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World Cup flashbacks: Five memorable cameos that changed the course of games

Kapil Dev

Bengaluru, May 22: The ICC Cricket World Cup has witnessed a great many memorable knocks by batsmen that had turned the tables for their sides.

Be it Viv Richards' 138 not out in the 1979 final or Ricky Ponting's 140 not out in the 2003 final or Adam Gilchrist's 147 in the 2007 title clash, there is no dearth of such classic hundreds.

However, the showpiece event has also been made memorable by cameos that batsmen played at crucial junctures of games to turn the tide in their favour. Those innings might not be a formal milestone but they certainly command tremendous weight from the team's perspective.

Here are five such cameos that the ICC Cricket World Cup has seen since the inuagural edition in 1975.

Keith Boyce (West Indies), 34 off 37 vs Australia, 1975

Keith Boyce (West Indies), 34 off 37 vs Australia, 1975

It was the final of the first World Cup at the Lord's in 1975. Ian Chappell's Australia won the toss and asked Clive Lloyd's West Indies to bat first. The trio of Dennis Lillee-Gary Glimour-Jeff Thomson had made life uncomfortable for the Caribbeans even as Lloyd hit a hundred (102 off 85 balls). When Viv Richards departed, Windies were 209 for six and a big total was looking tough to accomplish.

But Keith Boyce, the "Stingray" who came in at No.7 after the fall of Rohan Kanhai, took the fight to the opposition and hit 34 in 37 balls in a 43-minute innings. The knock had only three fours but by the time Boyce goy dismissed, the West Indian total had crossed 260, thanks to his 52-run partnership with wicket-keeper-batsman Bernard Julien (26 not out). West Indies won the game eventually by 17 runs.

Inzamam-ul-Haq (Pakistan), 60 off 37 vs New Zealand, 1992

Inzamam-ul-Haq (Pakistan), 60 off 37 vs New Zealand, 1992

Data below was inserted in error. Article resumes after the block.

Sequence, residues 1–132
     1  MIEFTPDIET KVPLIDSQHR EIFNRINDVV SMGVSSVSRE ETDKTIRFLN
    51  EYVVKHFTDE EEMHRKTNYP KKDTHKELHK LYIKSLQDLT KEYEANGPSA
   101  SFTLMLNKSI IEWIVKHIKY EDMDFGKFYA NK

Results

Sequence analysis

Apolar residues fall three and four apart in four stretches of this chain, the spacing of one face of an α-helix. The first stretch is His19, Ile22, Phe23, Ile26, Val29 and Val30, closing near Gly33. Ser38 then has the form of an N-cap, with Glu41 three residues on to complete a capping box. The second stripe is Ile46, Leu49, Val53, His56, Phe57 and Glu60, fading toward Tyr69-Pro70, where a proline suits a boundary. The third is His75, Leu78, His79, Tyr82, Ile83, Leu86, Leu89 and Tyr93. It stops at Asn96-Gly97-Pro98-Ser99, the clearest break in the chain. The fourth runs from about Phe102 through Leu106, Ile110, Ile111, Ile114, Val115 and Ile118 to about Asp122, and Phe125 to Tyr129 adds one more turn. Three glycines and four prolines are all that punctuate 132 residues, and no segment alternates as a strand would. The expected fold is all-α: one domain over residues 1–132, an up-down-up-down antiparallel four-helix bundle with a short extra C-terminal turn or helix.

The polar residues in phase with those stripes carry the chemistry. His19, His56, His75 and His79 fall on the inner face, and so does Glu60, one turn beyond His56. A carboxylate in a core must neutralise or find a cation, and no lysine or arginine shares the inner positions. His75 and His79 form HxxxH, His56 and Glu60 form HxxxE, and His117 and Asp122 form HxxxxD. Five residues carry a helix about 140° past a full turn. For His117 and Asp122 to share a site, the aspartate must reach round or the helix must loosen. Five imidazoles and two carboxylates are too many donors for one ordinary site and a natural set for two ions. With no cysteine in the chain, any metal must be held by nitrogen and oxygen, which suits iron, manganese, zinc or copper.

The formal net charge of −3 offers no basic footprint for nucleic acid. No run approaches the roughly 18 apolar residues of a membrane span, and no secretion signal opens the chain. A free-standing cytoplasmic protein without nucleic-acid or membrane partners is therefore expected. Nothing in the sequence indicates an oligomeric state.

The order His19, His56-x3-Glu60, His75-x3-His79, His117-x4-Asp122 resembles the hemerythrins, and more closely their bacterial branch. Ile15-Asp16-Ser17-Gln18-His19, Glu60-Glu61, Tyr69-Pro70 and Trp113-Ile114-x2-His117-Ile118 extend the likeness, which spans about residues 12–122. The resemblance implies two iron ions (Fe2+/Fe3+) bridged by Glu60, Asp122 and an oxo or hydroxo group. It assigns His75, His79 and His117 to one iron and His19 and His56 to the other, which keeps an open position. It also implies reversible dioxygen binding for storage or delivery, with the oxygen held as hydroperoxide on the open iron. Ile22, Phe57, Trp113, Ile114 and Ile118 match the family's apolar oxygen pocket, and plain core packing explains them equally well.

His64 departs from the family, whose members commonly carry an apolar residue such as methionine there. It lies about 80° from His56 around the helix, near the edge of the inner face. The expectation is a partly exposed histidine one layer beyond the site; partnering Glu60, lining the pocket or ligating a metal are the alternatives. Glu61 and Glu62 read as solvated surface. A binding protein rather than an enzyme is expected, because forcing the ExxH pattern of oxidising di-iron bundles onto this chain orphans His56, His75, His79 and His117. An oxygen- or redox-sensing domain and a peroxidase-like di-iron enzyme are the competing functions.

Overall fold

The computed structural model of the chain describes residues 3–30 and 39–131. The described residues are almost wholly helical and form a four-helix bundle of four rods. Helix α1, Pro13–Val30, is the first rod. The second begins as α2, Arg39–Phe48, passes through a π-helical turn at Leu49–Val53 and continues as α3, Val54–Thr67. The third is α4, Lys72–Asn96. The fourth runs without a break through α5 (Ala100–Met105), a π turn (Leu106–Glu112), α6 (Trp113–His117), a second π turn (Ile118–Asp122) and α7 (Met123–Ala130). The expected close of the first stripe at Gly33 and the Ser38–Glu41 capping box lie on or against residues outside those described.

It was the semifinal of the 1992 World Cup in Auckland and despite losing their last league game to Pakistan, New Zealand looked favourites. Powered by captain Martin Crowe's 91, the Kiwis scored 262 for seven in 50 overs and the match was evenly balanced with Pakistan at 140 for four.

In came a young Inzamam who was greatly backed by his skipper Imran Khan and counter-attacked the New Zealand bowlers. While Javed Miandad played the sheet-anchor role, Inzamam went after the bowling to score 60 off 37 that turned the game in favour of Pakistan who went on to win by four wickets to make their maiden final.

Kapil Dev (India), 35 off 26 vs Pakistan, 1992

Kapil Dev (India), 35 off 26 vs Pakistan, 1992

It was the first-ever India-Pakistan match at the World Cup and after winning the toss, Mohammad Azharuddin elected to bat. India were off to a good start but had a mini slump in between to get reduced to 148 for five. Sachin Tendulkar was batting well at the other end and he needed somebody to give him accompany.

Walked in the old warhorse Kapil Dev and he took the battle to the opposition to ensure that India did not get bowled out too cheaply. The ace all-rounder, playing in his last World Cup, hit 35 in just 26 balls with the help of two fours and one six. India reached 216 for seven and then bowled Pakistan out for 173 with Kapil taking two wickets as well.

Ajay Jadeja (India), 45 off 25 vs Pakistan, 1996

Ajay Jadeja (India), 45 off 25 vs Pakistan, 1996

famous quarterfinal in Bengaluru

Jadeja rose to the occasion and slammed 45 in just 25 balls with the help of four fours and two sixes. He was particularly merciless on Waqar Younis even though he fell to him eventually. India posted a total of 287 for eight and won the game by 39 runs.

Suresh Raina (India), 34 not out off 28 vs Australia, 2011

Suresh Raina (India), 34 not out off 28 vs Australia, 2011

In yet another absorbing World Cup quarterfinal in Ahmedabad, India were chasing 261 to knock Australia out of the tournament and had a good start with Tendulkar and Gautam Gambhir scoring half-centuries. However, Gambhir's dismissal made things a bit uncomfortable and when captain Mahendra Singh Dhoni departed, the hosts were 187 for five with their lower order exposed.

In came Suresh Raina at No.7 and he did what he had to do - give Yuvraj Singh, who was in a sweet touch at the other end, a company. Raina remained not out on 34 in just 28 balls with two fours and a six and and added an unbeaten 74 runs with Yuvraj (57 not out), to play a crucial role in taking India home in the 48th over. India won by five wickets and made the semifinal.

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Story first published: Wednesday, May 22, 2019, 12:25 [IST]
Other articles published on May 22, 2019
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